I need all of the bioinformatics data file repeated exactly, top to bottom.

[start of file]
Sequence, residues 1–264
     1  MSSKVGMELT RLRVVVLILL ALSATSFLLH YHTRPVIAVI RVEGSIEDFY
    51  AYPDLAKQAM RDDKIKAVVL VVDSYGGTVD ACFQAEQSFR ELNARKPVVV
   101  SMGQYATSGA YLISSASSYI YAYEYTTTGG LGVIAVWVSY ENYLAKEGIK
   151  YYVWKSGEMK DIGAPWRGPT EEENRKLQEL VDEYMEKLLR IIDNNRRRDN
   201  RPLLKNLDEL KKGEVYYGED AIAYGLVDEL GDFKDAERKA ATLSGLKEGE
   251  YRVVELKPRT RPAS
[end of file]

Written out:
Sequence, residues 1–264
     1  MSSKVGMELT RLRVVVLILL ALSATSFLLH YHTRPVIAVI RVEGSIEDFY
    51  AYPDLAKQAM RDDKIKAVVL VVDSYGGTVD ACFQAEQSFR ELNARKPVVV
   101  SMGQYATSGA YLISSASSYI YAYEYTTTGG LGVIAVWVSY ENYLAKEGIK
   151  YYVWKSGEMK DIGAPWRGPT EEENRKLQEL VDEYMEKLLR IIDNNRRRDN
   201  RPLLKNLDEL KKGEVYYGED AIAYGLVDEL GDFKDAERKA ATLSGLKEGE
   251  YRVVELKPRT RPAS